Updated on May 16, 2019
Day 14 of Sri Lanka Trip, Colombo on July 24, 2017
Last day of our journey around Sri Lanka.
The plan of this day was to tour the
capital city of Colombo, before getting on a flight early next morning back home.
To be honest, there wasn’t much to see in the biggest city of Sri Lanka. It’s not nearly as rich in history as cities like Galle or Kandy, and bustling streets alone won’t make this economic center of a rather under-developed country exciting. However, we still decided to spend an extra night here as a cushion between Sri Lanka’s unreliable train yesterday and our early-morning flight.
Since we didn’t have an action-packed day, my friends and I woke up late and checked out of our apartment at noon. A cozy way of spending the morning on beds.
A small trading post under Portuguese rule, a fortified harbour under the Dutch, torn down by the British to make way for development into what nowadays the economic center of the nation with blends of different cultures.
We made Colombo Fort our first stop of the day, which is just a short Uber ride from our apartment. Yeah, by July 2017 Colombo was the only city in Sri Lanka with Uber service.
Old Colombo Lighthouse
Constructed in 1857 as a lighthouse, deactivated after its light became obscured by nearby buildings and decommissioned on 12 July 1952, the tower still functions as a clock tower at the junction of Chatham Street and Janadhipathi Mawatha.
However, when I got there, I found some rusty and dusty stairs leading up the clock tower unattended. Curiosity drove me up those stairs, to a rather simple internal structure of the clock tower.
I made it to the first floor of the clock tower, the stairs up being dustier and the upper floors being some seemingly fragile planks were the two factors stopping me from further exploration. Amazingly, there were no signs of any homeless people making shelter of the tower.
Sri Lanka Central Bank Building
Although Sri Lanka’s Central Bank was established in 1950, its first building in Colombo Fort was built long before that as a relic from the Colonial period. Today, an economic history museum occupies its ground floor, with most of the bank working in some modern skyscrapers across the street.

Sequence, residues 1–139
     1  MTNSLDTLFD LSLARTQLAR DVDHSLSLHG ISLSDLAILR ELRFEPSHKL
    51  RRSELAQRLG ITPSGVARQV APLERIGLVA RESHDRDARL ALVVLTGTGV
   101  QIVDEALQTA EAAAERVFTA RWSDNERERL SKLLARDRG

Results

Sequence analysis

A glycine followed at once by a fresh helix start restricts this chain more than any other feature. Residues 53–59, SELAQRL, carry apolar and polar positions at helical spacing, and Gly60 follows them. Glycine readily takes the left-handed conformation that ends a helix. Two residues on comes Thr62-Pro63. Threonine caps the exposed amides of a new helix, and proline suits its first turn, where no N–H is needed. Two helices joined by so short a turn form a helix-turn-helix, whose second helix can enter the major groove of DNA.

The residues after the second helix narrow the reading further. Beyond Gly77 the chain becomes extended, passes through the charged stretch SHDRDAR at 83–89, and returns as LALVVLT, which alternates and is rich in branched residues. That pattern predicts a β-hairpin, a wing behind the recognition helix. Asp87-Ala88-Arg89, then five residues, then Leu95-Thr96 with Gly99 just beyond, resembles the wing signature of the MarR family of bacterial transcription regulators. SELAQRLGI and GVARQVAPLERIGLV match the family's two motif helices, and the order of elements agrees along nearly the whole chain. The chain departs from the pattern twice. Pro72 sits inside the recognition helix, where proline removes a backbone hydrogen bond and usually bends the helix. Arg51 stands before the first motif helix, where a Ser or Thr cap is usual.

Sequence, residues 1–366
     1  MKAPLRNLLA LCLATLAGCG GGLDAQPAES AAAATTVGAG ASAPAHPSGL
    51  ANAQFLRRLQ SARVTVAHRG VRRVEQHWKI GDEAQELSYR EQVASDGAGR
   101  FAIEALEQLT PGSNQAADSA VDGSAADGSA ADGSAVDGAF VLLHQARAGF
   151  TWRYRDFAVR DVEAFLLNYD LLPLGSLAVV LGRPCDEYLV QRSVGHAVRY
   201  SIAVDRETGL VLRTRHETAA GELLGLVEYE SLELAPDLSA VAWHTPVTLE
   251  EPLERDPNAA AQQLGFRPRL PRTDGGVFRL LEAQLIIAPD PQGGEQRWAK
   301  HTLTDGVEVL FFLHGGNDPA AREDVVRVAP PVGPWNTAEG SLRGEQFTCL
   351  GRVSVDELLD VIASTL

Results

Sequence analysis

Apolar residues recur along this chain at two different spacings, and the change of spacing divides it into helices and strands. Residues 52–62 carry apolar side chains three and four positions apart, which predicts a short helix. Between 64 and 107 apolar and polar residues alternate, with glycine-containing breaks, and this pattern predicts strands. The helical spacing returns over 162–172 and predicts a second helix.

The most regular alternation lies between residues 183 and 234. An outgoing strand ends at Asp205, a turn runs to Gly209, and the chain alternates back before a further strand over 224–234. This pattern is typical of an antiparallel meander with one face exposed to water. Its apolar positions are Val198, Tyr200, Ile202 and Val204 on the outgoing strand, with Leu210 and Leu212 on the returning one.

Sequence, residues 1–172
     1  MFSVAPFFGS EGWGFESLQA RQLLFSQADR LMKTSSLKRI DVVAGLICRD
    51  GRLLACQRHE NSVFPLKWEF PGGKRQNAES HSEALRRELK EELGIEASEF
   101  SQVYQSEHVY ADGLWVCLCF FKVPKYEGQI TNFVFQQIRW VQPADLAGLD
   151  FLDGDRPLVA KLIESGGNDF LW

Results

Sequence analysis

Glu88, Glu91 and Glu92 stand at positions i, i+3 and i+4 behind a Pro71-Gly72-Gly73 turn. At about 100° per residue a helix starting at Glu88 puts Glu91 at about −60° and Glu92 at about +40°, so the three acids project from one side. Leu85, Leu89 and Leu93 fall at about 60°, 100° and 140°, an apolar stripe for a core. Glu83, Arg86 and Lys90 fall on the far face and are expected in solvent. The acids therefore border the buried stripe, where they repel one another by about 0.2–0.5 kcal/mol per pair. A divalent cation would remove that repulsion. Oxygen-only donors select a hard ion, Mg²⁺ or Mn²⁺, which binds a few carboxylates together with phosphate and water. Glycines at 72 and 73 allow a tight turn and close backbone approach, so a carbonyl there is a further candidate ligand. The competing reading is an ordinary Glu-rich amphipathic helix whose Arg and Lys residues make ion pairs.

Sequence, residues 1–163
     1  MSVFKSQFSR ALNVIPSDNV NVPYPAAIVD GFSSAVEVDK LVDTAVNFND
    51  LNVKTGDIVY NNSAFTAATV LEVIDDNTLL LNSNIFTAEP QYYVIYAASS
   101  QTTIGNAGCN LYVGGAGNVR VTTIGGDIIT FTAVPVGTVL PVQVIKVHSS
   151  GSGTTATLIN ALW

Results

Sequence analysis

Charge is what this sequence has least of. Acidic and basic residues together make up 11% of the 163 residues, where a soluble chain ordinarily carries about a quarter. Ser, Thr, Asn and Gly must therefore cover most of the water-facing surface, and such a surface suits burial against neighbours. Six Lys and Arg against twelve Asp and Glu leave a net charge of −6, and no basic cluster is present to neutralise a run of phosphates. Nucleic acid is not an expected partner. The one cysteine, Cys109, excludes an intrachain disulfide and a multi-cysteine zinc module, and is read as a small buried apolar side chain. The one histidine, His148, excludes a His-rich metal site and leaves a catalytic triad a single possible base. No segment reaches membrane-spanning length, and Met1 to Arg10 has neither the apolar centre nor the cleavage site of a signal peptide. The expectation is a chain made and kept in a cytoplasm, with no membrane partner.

We must admit, during our brief tour of Old Colombo Lighthouse our bodies were struggling to adapt to a hot summer noon from our air-conditioned apartment, so the free monetary museum across the street with air-conditioning made our perfect next stop.
It’s a little bit hard to imagine a country’s central bank would take such a welcoming stand towards visitors and open a museum for free, which wasn’t how things usually worked in Sri Lanka, all while sculptures and fences nearby still spoke of memories of the 1996 terrorist attack directed at the bank itself.
After that, we wandered around Colombo Fort.
Headquarter of the leading grocery store (the only one we knew of), who made this iconic building their logo.
The Cargills building was originally the residence of Captain Pieter Sluysken, the former Dutch military commander of Galle. It was subsequently occupied by the first British Governor of Ceylon, Sir Frederick North, who lived there for a short time before moving to a spacious villa in Hulftsdorp. The building was acquired by Cargills in 1896. Construction of the current building was completed in 1906.
Colombo Lighthouse and Sambodhi Chaithya
Our last stop of Colombo Fort was Colombo Lighthouse, which constructed in 1954 to replace the old Lighthouse that got obscured by surrounding buildings. Just North of the lighthouse, a bombastic white dagoba (stupa) perched about 20m off the ground on huge curving concrete ‘legs’ so that sailors can see it from offshore.
I bet Sambodhi Chaithya would brought spiritual reassurance to sailors at sea, but on land with its four legs clearly visible in a not-so-appealing manner, I myself couldn’t appreciate it.
Unfortunately, reclamation for a container port nearby isolated this place from the ocean, and with it, much foot traffic. So both Colombo Lighthouse and Sambodhi Chaithya would stand unattended in a tiny corner of the city. If I were they, I would feel lonely.